How To Steal The Mona Lisa: This Book Helps You Plan Your Own Daring Heists


Whether you’re an actual shady character trying to pick up morsels of wisdom or just a curious bloke who likes to live vicariously through others’ criminal exploits, everyone appreciates reading about a good heist.  And while How to Steal the Mona Lisa is more about hypothetical high-stakes thievery than any actual heists that have taken place, it’s one fun read that should stir up your imagination.

Written by Taylor Bayouth, the book profiles seven existing works of art and historical artifacts, each of which is currently secured at separate, highly-fortified locations around the world.  Going beyond the typical profile, it both documents the kind of security being utilized to protect each prized object and explores your options in circumventing them.

How to Steal the Mona Lisa is, basically, a book that details the findings of the author’s reconnaissance on the Hope Diamond, the Mona Lisa, the Archaeopteryx Lithographica, Rodin’s Thinker, King Tut’s golden mask, the Crown Jewels, and the Codex Leicester.  Along with the reconnaissance, it schools readers on various skills they’ll need to properly conduct a heist, including picking locks, climbing buildings, navigating air ducts, hacking security systems, camouflaging a getaway car, wearing a disguise, and more.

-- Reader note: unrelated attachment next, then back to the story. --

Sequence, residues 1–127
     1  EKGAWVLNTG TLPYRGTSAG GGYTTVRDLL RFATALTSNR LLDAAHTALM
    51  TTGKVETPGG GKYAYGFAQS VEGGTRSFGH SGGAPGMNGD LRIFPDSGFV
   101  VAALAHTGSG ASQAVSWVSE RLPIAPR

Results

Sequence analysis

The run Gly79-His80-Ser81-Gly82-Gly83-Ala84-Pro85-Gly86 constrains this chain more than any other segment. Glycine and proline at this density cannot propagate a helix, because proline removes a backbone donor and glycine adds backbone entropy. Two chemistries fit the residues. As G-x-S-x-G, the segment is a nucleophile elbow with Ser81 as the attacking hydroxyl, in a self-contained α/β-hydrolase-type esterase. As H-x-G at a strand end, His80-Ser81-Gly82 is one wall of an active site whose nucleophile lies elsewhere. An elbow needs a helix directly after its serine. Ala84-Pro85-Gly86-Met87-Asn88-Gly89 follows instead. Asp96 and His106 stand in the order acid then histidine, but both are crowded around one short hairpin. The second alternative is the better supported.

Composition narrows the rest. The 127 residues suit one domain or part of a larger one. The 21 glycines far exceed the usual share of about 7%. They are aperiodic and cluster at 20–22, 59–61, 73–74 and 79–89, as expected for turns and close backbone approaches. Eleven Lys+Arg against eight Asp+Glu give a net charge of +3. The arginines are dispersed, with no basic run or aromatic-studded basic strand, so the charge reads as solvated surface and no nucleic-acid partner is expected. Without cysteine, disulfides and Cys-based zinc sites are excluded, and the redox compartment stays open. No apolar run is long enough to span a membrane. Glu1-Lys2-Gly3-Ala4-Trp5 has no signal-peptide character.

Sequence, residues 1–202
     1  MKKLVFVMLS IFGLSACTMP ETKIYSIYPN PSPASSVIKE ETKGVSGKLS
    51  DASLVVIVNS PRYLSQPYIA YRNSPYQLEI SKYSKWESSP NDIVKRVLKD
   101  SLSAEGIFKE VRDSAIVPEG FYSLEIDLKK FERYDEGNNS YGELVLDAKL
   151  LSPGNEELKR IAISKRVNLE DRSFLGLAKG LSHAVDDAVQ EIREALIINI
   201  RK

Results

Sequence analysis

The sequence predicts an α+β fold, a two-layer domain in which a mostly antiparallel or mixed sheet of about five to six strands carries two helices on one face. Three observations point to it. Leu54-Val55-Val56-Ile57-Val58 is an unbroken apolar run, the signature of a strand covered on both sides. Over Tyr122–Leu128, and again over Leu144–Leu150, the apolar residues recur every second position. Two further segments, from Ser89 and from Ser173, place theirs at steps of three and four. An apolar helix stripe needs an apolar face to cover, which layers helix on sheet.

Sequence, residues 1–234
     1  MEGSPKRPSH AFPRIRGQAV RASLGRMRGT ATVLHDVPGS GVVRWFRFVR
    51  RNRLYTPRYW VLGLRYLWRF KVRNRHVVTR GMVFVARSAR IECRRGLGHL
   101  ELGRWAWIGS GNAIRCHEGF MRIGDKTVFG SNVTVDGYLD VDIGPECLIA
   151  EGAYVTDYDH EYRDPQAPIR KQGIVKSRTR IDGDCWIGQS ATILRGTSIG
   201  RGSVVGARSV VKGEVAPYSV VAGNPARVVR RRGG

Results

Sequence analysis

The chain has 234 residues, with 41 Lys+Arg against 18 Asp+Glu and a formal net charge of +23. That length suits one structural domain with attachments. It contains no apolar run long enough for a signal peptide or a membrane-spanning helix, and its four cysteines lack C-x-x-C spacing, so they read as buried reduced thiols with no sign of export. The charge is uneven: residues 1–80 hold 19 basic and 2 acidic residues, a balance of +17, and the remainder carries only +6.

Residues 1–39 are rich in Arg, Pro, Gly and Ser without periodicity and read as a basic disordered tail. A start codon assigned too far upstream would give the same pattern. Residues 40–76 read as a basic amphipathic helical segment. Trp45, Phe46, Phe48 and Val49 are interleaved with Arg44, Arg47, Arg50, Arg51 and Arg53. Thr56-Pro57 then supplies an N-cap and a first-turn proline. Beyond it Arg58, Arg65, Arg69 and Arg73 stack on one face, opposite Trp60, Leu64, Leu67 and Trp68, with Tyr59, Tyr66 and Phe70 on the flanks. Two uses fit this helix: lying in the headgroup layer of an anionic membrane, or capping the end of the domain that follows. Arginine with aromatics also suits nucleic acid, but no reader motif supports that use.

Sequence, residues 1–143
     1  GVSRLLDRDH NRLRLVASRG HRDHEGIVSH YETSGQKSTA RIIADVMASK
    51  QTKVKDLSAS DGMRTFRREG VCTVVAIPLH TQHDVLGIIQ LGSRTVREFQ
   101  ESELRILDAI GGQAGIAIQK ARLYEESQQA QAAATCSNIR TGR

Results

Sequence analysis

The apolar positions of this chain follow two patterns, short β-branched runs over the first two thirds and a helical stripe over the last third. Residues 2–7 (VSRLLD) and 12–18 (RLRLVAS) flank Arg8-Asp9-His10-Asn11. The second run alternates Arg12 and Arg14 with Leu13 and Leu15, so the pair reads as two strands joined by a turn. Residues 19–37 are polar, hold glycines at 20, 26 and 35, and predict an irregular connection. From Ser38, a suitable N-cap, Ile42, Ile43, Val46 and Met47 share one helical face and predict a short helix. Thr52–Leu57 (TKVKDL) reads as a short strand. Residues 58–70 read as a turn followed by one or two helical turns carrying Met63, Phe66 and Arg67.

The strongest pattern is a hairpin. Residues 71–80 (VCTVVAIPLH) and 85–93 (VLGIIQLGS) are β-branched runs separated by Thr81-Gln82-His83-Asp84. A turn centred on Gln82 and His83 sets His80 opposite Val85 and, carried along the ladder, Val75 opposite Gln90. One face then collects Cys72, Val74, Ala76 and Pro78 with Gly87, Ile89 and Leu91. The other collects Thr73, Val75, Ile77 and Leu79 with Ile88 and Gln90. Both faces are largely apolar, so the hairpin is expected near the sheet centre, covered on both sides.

Yes, there’s an absurd element to a speculative book about heists.  Fortunately, the author knows it, so there’s plenty of absurdity to be enjoyed throughout its 224 pages, from excessively-elaborate preparations (like digging a tunnel that leads to right under a museum) to hilariously baffling challenges (like how you’re going to steal a sculpture that weighs 1,900 pounds).

Available now, How to Steal the Mona Lisa is priced at $11.20 for the paperback.

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2 Responses

  1. Reed B.

    This is a good, cheap read. I always wanted to be a burglar and fancy movies that are situated with heists like these.

  2. Pete

    My favorite movies are comedies and heist movies. This book looks interesting because it combines both of my favorite genres, plus I have an interest in historic artifacts. This book is now on my must-read list.If you liked Oceans 11, then this book looks like it will be right up your alley.

    I clicked on the authors name on Amazon and was surprised she didn’t have any other books written. I’m sure with the popularity of this book that she will be getting another one published. I hope so, because I like her topic of choice she wrote about with “How To Steal The Mona Lisa.”

    I’m going to buy it on Kindle, but I really wonder what my coworkers would think if they seen me reading the paper copy of it in the break room.


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